Romance Audiobooks discussion

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Audiobook Discussions > Narrator Preference

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message 1: by Lea's Audiobooks (last edited Aug 05, 2014 08:17PM) (new)

Lea's Audiobooks Hensley (leahensleysaudiobooks) An author who attended our RWA audiobook workshop asked me this question:

I've had wonderful male narrator for my audiobooks so far. I now have a new series - do listeners prefer a male or female narrator for Scottish historicals?

I told her that I preferred a male for a Scottish historical, thinking of those brawny Highlanders (and possibly Phil Gigante). Now, I greatly love Davina Porter's portrayal of Jamie in the Outlander series but beyond that, I'm thinking males make those Highlanders come to life more effectively.

However, I truly enjoy male narrators and I know listeners are split on their preferences for male or female. What about you?

I'm editing to add this:

If you are an author wondering about narrator choices, please message me and I'll place your request on this thread. All three of these requests came to me from social media sites including Facebook and Twitter and by personal email.


message 2: by Jonetta (new)

Jonetta (ejaygirl) | 4555 comments Mod
I love both Phil and Davina's performances. But, I think overall I'd probably prefer a male narrator for Scottish historicals.


message 3: by Melanie♥ (new)

Melanie♥ (meliaann) | 139 comments Jonetta wrote: "I love both Phil and Davina's performances. But, I think overall I'd probably prefer a male narrator for Scottish historicals."

I agree!


message 4: by Xe (new)

Xe Sands (xesands) | 369 comments I would agree too :) As long as the narrator does a decent female lead and has a lovely deep voice, I'd most prefer a British male narrator for British or Scottish historicals.


message 5: by Dawn (new)

Dawn | 535 comments Interesting. For me, I became so used to Davina's narration on the Outlander series, I have been able to listen to The Scottish Prisoner because the male narrator is so different on Jamie.


message 6: by D.G. (last edited Jul 31, 2014 11:41AM) (new)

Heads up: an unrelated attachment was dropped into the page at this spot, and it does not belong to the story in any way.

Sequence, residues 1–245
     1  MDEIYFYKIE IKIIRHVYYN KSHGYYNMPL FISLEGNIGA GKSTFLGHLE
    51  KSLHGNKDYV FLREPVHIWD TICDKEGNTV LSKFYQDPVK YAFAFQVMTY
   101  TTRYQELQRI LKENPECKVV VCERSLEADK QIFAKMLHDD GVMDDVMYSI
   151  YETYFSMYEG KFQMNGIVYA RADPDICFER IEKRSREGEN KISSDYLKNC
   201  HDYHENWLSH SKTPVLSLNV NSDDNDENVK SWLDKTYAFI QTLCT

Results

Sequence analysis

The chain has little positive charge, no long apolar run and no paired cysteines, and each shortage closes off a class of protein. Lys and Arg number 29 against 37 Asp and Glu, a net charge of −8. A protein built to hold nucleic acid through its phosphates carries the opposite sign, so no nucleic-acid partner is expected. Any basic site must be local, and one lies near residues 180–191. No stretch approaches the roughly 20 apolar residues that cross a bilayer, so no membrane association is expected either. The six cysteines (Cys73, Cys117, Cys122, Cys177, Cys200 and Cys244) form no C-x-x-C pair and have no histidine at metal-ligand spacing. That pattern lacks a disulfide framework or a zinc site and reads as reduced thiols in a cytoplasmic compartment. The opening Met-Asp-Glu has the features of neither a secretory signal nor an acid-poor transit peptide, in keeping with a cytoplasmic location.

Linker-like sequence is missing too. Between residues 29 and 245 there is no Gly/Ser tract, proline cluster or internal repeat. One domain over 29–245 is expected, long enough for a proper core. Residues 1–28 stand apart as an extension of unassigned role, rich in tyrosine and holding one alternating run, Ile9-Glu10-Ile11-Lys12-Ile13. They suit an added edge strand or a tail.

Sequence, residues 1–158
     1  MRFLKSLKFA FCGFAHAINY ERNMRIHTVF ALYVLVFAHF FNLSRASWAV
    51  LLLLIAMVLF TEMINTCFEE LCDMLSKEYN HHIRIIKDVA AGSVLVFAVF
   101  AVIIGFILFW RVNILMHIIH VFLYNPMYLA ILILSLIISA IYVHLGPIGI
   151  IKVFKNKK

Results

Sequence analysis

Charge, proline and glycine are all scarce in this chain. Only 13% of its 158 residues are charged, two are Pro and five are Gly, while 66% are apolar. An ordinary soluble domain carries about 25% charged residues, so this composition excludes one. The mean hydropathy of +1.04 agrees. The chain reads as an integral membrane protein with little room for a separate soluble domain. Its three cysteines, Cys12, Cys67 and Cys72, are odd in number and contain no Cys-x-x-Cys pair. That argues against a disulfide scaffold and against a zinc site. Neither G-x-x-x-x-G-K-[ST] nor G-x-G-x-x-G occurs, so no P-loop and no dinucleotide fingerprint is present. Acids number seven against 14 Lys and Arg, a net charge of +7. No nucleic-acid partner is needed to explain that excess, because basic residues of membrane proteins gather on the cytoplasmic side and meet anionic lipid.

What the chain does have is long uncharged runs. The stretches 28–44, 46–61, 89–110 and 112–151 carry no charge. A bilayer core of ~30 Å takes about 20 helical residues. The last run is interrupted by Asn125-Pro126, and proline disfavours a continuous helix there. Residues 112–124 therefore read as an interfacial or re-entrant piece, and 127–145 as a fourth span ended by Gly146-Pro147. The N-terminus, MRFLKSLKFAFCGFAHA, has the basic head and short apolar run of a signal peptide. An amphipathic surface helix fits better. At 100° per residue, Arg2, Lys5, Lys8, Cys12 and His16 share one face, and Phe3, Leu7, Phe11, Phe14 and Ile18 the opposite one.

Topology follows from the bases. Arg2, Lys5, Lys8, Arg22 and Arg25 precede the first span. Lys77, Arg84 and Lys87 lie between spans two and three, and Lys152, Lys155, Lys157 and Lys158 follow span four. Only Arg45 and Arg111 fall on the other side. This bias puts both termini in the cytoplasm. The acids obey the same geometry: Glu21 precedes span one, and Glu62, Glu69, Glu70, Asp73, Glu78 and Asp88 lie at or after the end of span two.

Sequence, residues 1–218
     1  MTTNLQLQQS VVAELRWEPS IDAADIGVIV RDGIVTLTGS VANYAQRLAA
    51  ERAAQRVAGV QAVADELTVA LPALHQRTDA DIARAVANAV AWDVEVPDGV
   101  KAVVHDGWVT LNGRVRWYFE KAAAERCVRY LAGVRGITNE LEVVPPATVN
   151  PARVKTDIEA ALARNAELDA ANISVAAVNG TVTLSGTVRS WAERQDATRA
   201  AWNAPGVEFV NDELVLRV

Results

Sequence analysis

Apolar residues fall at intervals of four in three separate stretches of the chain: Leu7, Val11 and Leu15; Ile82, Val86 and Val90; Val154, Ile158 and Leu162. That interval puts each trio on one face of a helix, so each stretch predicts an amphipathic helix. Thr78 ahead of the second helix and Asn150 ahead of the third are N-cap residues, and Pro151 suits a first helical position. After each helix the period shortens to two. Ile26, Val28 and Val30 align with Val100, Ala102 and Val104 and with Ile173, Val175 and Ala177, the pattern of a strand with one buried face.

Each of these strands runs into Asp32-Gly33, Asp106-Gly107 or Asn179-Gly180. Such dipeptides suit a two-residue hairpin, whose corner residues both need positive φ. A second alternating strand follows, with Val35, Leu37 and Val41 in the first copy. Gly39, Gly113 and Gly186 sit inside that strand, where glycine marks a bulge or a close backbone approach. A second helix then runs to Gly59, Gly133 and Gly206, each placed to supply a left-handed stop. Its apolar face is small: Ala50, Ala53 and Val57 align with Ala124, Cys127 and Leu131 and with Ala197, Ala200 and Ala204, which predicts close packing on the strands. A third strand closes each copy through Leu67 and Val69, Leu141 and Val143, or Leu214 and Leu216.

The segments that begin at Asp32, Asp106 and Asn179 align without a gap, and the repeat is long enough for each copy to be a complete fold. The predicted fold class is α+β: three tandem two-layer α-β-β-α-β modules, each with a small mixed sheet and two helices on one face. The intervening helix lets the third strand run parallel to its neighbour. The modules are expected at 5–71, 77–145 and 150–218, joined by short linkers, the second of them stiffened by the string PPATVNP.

D.G. | 1329 comments Male all the way. Kudos to Davina that she can portray an awesome Jamie, but you haven't heard a Scottish hero until you hear Robert Petkoff with the IAD series. His accent is mindblowing.


message 7: by ElaineY (new)

ElaineY | 1 comments I don't read or listen to historicals but male narrators win hands down for me. As audiobooks get more popular and become big marketing extensions (not just new but a way of reviving old titles), I'm hoping more and more Romantic Suspense titles will feature male/female duos narrating.

I'm currently listening to an old Iris Johansen - Reap the Wind, narrated by Laurel Merlington and it badly needs a male narrator for Alex Kazarov!

Every time I finish an audiobook narrated by a female, I have to listen to a male narrator next just to soothe my ears.


message 8: by Cynthia (new)

Cynthia (scent45) | 88 comments agree ...I love male narrators. Dick Hill one of my favorites


message 9: by Sue (new)

Sue | 1116 comments I find I'm happiest with Male narrator's in this genre, but if the female voice suffers to much I'll take back my vote.


message 10: by Dawn (new)

Dawn | 535 comments I used to think I only liked females in the romance genre, but then I heard a few phenomenal male narrators. For me it is all about the narrater. I have a lot in both genders I will not listen to period. But I can name several I will listen to regardless of what hey are narrating as well


message 11: by Melissa (new)

Melissa (melissafransaw) | 10 comments I've actually yet to listen to a male narrator for a Scottish/British historical, but I have a few in my library waiting for me to get to them. I've heard a few female ones that make me want to stab my ears with a rusty butter knife, but I've loved the ones by Kirsten Potter, she does a great job, IMO. I have a Phil Gigante and Tristan Hunt in my library, as well as a Simon Prebble and a Nicholas Boulton in my wish list, so hopefully I'll have a male reference point soon.


message 12: by Dawn (new)

Dawn | 535 comments My only reference point for Simon Prebble is Julia Quinn books, and I hate them so...but I love Phil Gigante, Nicholas Boulton and Dennis Kleinman.


message 13: by JaneA (new)

JaneA | 485 comments Hmm, well I'm going to go against the tide here and say that I'd look more favorably on a female narrator. The determining factor, of course, would be the competence of whoever is chosen. Naturally a good narrator of either sex is better than a poor one.


message 14: by Harry_ATL (new)

Harry_ATL | 40 comments Another male narrator for Scottish historicals that I have greatly enjoyed is Roger Hampton / James Langton in the Grace Burrowes MacGregor series. I actually prefer his non-dialogue sections to Phil Gigante.

There are a few narrators of both sexes that I will seek out for purchase...